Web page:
> else {
    > jj++;
    > }
    > }
    > return wresult;
    > }


    Stylistic note, I'd change all of those post-increments to pre-
    increments. Probably will result in no difference when dealing with
    ints, but may make a difference if you are dealing with more complex
    classes.

    >
    > int main(void)
    > {
    > unsigned int *v1, *v2;
    >
    > v1 = new unsigned int[3000];
    > v2 = new unsigned int[3000];


    Why bother with the dynamic memory? Why not simply declare the arrays as
    local variables? (And if the answer is "because the real code uses much
    larger arrays", why not use std::vector<> instead so you don't have to
    worry about the destruction?)

    >
    > for (unsigned int i = 0; i < 3000; i++) {
    > v1 = i;
    > v2 = i+1500;
    > }


    OK.. populates the arrays with the values 0...2999, and 1500...4499. So
    with this algorithm I guess you're expecting a return of 1500?

    >
    > for ( ; ; ) intersection_size(v1, 3000, v2, 3000);


    So your program will spend forever re-executing intersection_size....
    why?

    >
    > delete [] v1;
    > delete [] v2;
    >
    > return 0;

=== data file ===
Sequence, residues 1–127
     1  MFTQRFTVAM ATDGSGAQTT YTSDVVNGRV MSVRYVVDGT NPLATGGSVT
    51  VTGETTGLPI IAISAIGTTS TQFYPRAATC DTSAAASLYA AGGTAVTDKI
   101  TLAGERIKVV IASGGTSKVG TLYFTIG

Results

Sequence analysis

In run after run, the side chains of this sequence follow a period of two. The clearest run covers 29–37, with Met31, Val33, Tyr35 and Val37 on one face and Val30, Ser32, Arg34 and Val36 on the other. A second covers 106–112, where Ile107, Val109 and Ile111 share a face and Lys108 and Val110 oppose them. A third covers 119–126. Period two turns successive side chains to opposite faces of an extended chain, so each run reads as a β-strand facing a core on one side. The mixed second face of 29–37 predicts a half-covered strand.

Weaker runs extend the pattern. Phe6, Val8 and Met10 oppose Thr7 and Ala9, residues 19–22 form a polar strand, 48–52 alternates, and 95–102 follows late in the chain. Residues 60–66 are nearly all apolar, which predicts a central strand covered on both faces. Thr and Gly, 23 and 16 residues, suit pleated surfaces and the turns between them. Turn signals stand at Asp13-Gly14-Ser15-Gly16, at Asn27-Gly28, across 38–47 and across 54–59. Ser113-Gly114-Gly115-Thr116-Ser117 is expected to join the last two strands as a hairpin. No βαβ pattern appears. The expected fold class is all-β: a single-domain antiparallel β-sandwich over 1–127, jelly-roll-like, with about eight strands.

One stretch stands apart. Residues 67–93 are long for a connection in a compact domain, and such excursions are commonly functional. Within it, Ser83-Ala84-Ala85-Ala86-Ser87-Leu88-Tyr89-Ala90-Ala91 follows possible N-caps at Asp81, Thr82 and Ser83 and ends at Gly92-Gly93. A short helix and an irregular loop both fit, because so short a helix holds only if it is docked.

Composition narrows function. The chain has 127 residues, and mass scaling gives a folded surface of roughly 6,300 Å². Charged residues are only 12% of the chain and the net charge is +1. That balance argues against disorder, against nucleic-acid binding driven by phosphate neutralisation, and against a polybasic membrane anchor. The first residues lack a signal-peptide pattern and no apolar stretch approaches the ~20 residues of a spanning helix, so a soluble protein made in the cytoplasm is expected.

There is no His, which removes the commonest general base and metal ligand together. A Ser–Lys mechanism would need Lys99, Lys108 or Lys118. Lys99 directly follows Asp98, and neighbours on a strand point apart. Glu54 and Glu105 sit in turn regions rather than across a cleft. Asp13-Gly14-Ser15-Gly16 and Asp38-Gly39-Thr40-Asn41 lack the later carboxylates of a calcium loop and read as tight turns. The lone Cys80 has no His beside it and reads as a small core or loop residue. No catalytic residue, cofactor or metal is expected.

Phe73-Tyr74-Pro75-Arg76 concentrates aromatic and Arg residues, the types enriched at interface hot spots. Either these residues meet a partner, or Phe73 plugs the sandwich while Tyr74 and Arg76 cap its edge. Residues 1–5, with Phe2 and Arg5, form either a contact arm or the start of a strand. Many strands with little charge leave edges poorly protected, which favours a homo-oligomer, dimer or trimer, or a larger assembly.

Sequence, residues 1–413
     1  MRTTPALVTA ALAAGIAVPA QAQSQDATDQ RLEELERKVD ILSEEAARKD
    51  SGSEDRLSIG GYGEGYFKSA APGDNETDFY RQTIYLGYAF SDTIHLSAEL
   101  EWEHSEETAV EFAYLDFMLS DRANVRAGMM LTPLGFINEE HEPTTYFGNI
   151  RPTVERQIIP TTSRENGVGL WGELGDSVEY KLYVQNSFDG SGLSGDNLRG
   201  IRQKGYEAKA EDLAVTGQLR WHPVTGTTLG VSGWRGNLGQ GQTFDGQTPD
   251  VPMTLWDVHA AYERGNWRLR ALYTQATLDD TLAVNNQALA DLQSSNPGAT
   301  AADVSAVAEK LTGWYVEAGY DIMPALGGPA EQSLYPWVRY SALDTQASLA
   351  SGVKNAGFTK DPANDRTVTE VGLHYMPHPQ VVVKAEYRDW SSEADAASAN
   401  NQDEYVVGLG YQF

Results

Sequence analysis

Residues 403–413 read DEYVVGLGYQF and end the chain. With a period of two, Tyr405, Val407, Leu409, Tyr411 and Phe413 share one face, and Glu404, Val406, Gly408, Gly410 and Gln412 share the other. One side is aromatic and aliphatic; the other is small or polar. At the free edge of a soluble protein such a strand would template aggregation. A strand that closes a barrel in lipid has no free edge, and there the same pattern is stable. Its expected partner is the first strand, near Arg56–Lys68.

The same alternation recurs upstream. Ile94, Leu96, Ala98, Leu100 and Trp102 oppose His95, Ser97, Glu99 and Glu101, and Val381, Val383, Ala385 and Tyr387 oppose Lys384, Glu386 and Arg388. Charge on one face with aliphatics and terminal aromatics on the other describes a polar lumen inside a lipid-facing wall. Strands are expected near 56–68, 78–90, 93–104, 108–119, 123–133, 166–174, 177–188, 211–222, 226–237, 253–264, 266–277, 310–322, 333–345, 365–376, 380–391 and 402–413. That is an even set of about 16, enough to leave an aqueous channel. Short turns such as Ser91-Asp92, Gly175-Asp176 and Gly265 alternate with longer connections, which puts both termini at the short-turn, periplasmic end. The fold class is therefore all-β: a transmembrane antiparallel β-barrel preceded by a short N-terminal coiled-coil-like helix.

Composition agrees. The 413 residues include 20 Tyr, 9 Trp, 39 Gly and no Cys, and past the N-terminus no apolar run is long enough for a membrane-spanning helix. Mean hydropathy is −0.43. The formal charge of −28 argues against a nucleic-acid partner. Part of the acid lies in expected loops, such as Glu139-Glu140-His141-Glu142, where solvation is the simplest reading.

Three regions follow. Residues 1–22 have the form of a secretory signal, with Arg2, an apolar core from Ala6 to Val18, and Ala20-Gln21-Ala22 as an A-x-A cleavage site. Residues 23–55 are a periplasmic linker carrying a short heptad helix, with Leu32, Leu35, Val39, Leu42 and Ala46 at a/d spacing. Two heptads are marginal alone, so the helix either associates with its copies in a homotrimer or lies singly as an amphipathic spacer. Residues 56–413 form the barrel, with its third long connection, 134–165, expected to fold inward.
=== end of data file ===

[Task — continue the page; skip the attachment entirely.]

> }
    >
    >=========================
    >
    Andre Kostur, Mar 28, 2005
    #2
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  3. Re: System reboot/system freeze with simple code in Visual C++ 6and lcc-win32 (OS issue?)

    Andre Kostur wrote:
    > [...]
    > So your program will spend forever re-executing intersection_size....
    > why?


    Even considering other notes, the answer is "because". The program is
    valid, no undefined behaviour should be produced. The OS probably barfs
    because the CPU is used too much during too long by the same process.
    Nothing can really be said except "don't do that". But still it all falls
    under the OS (platform) topicality, and all we here can conclude that from
    the C++ point of view, all is well.

    To the OP: try it under a different OS, like Linux and see how long it
    takes to make it reboot/freeze.

    V
    Victor Bazarov, Mar 28, 2005
    #3
  4. Wagner Dias

    Andre Kostur Guest

    Victor Bazarov <> wrote in
    news:H8Z1e.57988$01.us.to.verio.net:

    > Andre Kostur wrote:
    >> [...]
    >> So your program will spend forever re-executing intersection_size....
    >> why?

    >
    > Even considering other notes, the answer is "because". The program is
    > valid, no undefined behaviour should be produced. The OS probably
    > barfs because the CPU is used too much during too long by the same
    > process. Nothing can really be said except "don't do that". But still
    > it all falls under the OS (platform) topicality, and all we here can
    > conclude that from the C++ point of view, all is well.


    OK.. my question was more rhetorical and was intended to prompt the OP to
    examine whether he really wanted an infinite loop in the program. However,
    I do agree with you. From a C++ standpoint there was nothing fundamentally
    wrong with the program.
    Andre Kostur, Mar 28, 2005
    #4